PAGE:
For a long time, I was angry about it. I hated who I was because I wasn’t like everyone else around me. The worst part, was I couldn’t do anything with the anger. I didn’t even let myself feel the anger and pain for longer than a few seconds.
I wasn’t allowed to complain about it. I could talk to my dad about it, but it’s not like he could make the anger go away.
He was dealing with it too.
Every Black person I knew was dealing with it.
There was no clear answer.
The rage grew and grew and I kept it all inside. In time, I learned how to sublimate it into work. My father always told me that I would have to work 7x as hard as a white kid to get the same opportunities. (So far he’s been right.) So I turned my rage into work. I worked as hard as I could to prove that I’m not some useless nigger. I worked hard to prove that this nigger is actually much smarter than anyone around him.
This was easier to do when the racism was latent.
But sometimes the injustice was too much.
Sometimes I cried about it. Sometimes I was bitchy.
Sometimes I would get so angry I’d scream as loud as I could.
Sometimes I wanted to kill myself.
Never did I shoot up a school. Never did I take out my anger on other people. Even if they seemed like they deserved it. If no one has said it now, I’ll be the first to stand by this – dealing with racism will incite enough rage in an individual to shoot up a school. That being said, under no circumstances will that make anything better.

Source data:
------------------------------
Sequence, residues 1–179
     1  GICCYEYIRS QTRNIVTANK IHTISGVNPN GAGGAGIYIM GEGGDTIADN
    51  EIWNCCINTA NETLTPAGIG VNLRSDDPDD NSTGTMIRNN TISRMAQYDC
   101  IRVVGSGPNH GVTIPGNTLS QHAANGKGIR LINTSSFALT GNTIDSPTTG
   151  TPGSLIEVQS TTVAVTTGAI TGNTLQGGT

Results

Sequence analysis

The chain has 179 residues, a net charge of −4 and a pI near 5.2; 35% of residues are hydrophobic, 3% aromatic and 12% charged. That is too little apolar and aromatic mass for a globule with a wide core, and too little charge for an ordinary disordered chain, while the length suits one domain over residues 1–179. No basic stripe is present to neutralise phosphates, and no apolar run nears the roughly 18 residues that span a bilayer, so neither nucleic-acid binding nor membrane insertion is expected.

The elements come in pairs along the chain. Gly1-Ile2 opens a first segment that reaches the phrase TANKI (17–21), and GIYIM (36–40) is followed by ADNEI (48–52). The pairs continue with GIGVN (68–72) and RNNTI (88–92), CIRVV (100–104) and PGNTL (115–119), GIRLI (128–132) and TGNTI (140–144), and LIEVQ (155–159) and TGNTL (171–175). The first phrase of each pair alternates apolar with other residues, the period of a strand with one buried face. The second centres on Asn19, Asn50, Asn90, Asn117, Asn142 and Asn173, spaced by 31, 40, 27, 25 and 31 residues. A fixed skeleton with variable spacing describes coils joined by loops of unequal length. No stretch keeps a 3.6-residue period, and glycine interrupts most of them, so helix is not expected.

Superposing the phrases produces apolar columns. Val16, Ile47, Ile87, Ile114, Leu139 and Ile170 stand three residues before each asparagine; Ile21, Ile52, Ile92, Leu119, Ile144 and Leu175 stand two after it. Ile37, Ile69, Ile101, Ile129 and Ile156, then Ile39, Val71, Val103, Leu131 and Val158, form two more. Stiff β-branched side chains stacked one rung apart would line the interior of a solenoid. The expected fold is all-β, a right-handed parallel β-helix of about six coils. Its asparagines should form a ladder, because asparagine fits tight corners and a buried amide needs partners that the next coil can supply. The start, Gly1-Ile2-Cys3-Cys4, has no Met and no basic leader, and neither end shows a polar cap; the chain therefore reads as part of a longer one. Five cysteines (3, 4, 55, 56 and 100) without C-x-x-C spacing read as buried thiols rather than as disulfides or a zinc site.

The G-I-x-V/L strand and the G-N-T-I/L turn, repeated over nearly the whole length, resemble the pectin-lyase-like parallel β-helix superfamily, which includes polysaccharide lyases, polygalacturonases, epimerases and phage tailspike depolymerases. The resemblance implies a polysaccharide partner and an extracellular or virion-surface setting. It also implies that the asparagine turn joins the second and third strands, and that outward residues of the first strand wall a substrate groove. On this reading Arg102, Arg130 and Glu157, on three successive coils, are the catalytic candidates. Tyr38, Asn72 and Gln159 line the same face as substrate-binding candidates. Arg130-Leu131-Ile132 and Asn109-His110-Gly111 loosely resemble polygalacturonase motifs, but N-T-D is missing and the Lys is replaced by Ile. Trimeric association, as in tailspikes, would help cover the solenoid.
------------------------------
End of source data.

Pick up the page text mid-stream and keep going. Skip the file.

Constraining the evil within is fundamental to maintaining peace and harmony.
Besides, if I didn’t handle my feelings properly, I’m just more of the nigger they think I am.
Racism engulfs your life whether you like it or not. Do this and you’re a nigger. Do that and you’re not a nigger.
No matter what everything is in the context of “more or less nigger.”
It wasn’t all rage though. There was also self-doubt compounded with external verification.
Part of me was worried that the racists were right.
Maybe I really was inferior. It certainly didn’t help Blacks were often portrayed as criminals and low lives. The “maybe they’re right” thought came up often enough to stop me from taking opportunities. Looking back, my life may have been different if I saw myself as someone who belongs to the society they’re living in. But that doesn’t matter now. The older I get, the more I realized that this isn’t the case.
Nothing about my ethnic heritage places me above or below anyone else.
I wish I lived in a world where every human being comes to that conclusion. Perhaps we will build one in time.
I’ll say it again for the people in the back –
Nothing about my ethnic heritage places me above or below anyone else.
How I Cope with Racism
“To bring about change, you must not be afraid to take the first step. We will fail when we fail to try.”Rosa Parks (American activist)
It wasn’t fair, but I learned a few ways of dealing with it. These are no means a perfect solution, but I’ve fought this uphill battle my whole life.
These methods are what I’ve learned over my experiences. I currently use these practices to deal with the consistent hum of racism that underscores my entire life.
This is how I know how to constructively and effectively cope with racism.
The reason why I’m writing about methods to deal with racism is that if we use the methods that feel natural to us, we end up creating more pain and suffering in the long run.
If we react with our feelings, we will only prove the racists right. They will only see those actions as proof of their ill-informed beliefs.
Focus on Unity Instead of Hate
“An eye for an eye makes the world blind.”Mahatma Gandhi (Indian lawyer, anti-colonial nationalist, and political ethicist)
“Darkness cannot drive out darkness; only light can do that. Hate cannot drive out hate; only love can do that.”Martin Luther King Jr (African American Baptist minister and activist)